This week I’ve been reading #69

It’s time for another round up of articles, blog posts and stuff from the internet that caught my attention this week.

This Week I've Been Reading
Original photo: kaboompics.com

When Your Rapist Is a Woman

These gender norms can directly contribute to distrust of a victim’s claims, says Lisa Langenderfer-Magruder, co-author of a recent study of LGBTQ intimate partner violence in Colorado. “When someone is confronted with a situation that doesn’t quite fit that major narrative, they may question its validity,” she says. All of this amounts to a culture in which most research on partner violence focuses on heterosexual relationships. “So, in some ways, we’re playing catch up.”

Survivors are trapped in a cycle that delegitimizes their experience: first by downplaying the likelihood that it could happen at all, then by not validating it once it happens, and finally by not analyzing the data—and therefore creating awareness—after it does. – When Your Rapist Is a Woman

This is an important read about woman-on-woman rape and sexual assault within the LGBTQ* community.

Laurie Isn’t a Good Guy; He’s a Nice Guy™

But re-reading Little Women this month, I realized with mounting alarm that as a potential romantic partner for Jo, Laurie isn’t a good guy; he is, in fact, a Nice Guy™. He’s the kind of guy who feels entitled to a woman’s affections because, unasked-for, he has given her his. He’s the kind of guy who uses his friendship with a woman as a cover for repeatedly violating her boundaries and ignoring her rejections. He’s the kind of guy who professes to respect a woman but places more importance on his desire than her feelings.  – Laurie Isn’t a Good Guy; He’s a Nice Guy™

This is an interesting read about Little Women, Laurie and nice guy syndrome. Little Women  is one of my favourite books and Jo is one of my favourite literary character, but it has been years since I read it. I feel a re-read coming on to see if I agree with Maddie Rodriguez’s reassessment of Laurie.

The Becoming Podcast

 

I really enjoyed this interview with Laura Jane Williams and journalist Daisy Buchanan about food, body image and sex. Laura Jane Williams is one of my favourite bloggers, so I’m glad to have her in podcast form too.

What I Know

I know my classmates called me a slut. (Plus a teacher, a cruel wisp of a woman, whom I have just described using the appositive in a nod to how she chose to explain the grammatical tool to the class: “For example, ‘Jessica, a cheap mallrat.'”) No one called it rape. Well, not no one. I would be remiss if I didn’t mention the two boys who came close, who had left the party early that night. One put his head in his hands when he found out what happened and said he should have stayed. If he had stayed, he wouldn’t have let this happen to me. The other told me that there are some things in life I should never be expected to forgive. One of those boys died before we graduated high school and the other before I graduated college, and I must acknowledge that they were the only ones to comfort me when it wasn’t the cool thing to do. I must acknowledge their fine memories, which they deserve.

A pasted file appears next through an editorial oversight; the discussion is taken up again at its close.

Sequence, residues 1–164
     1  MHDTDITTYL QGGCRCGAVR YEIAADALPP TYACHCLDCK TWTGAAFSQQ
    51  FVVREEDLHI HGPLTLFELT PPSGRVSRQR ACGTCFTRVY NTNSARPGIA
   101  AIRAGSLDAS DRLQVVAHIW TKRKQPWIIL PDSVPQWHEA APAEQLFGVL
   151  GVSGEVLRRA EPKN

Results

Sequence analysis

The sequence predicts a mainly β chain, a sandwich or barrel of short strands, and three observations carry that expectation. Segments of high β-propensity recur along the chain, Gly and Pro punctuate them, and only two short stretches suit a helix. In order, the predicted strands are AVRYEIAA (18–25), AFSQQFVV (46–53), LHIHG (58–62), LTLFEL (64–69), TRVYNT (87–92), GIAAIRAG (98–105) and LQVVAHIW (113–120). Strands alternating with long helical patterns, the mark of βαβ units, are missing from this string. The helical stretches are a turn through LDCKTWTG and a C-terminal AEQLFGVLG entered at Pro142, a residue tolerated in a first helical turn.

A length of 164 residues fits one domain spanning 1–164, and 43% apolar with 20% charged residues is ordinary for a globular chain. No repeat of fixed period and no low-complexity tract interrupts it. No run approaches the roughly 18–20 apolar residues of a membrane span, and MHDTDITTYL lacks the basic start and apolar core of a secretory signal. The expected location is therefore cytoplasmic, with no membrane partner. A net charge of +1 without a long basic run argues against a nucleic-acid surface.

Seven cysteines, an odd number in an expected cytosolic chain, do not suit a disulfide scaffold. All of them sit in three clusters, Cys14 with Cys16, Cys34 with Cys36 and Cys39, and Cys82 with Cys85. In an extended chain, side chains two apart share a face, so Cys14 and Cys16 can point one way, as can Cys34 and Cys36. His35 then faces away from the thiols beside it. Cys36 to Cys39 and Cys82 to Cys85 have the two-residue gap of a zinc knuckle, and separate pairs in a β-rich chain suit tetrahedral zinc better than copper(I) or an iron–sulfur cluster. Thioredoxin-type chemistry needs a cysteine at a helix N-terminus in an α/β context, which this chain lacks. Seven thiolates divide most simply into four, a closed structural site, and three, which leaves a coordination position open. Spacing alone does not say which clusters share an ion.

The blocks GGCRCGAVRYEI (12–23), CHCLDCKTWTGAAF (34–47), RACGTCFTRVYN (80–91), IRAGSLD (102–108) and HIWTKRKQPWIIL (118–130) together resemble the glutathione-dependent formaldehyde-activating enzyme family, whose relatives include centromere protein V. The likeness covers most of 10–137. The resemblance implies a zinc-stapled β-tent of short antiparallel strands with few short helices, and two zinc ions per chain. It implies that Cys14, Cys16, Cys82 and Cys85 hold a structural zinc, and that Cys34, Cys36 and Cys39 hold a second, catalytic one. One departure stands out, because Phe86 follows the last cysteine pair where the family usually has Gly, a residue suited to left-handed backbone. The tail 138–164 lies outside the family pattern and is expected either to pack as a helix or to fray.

I called it rape, once. In a drunken confrontation with A Boy. The next day, terrified the herd might come after me even hungrier (trash slut had appeared on the inside of my locker just days before), I called A Boy and apologized. I apologized to my rapist for calling him a rapist. What a thing to live with.  – What I Know

A powerful, harrowing and heartbreaking essay by author Jessica Knoll about the real rape that informed her novel Luckiest Girl Alive.

Success, Creativity and the Anxious Space

Let me put it here: anxiety is torturous. It is not some 21st century malaise, recently invented for lazy millennials. Your thoughts are racing demons, spiralling you upwards into panic – or downwards into a shameful mental space, a narrow, dank, bleak cell. And yet, I’m quite glad that when I was a child, we just called it the ‘Who Am I’ feeling – because who has the final say on the human mind, after all? At the same time, it might have been nice, when, aged 15 – and the panic attacks increasing in regularity – I’d finally plucked up the courage and told my doctor, that he’d not dismissed me with, ‘you just have an overactive imagination’. I could have been given some coping mechanisms much earlier on, to understand that I was still a relatively normal person. – Success, Creativity and the Anxious Space

A beautifully written essay by Jessie Burton, author of The Miniaturist, on anxiety, depression, creativity and success.

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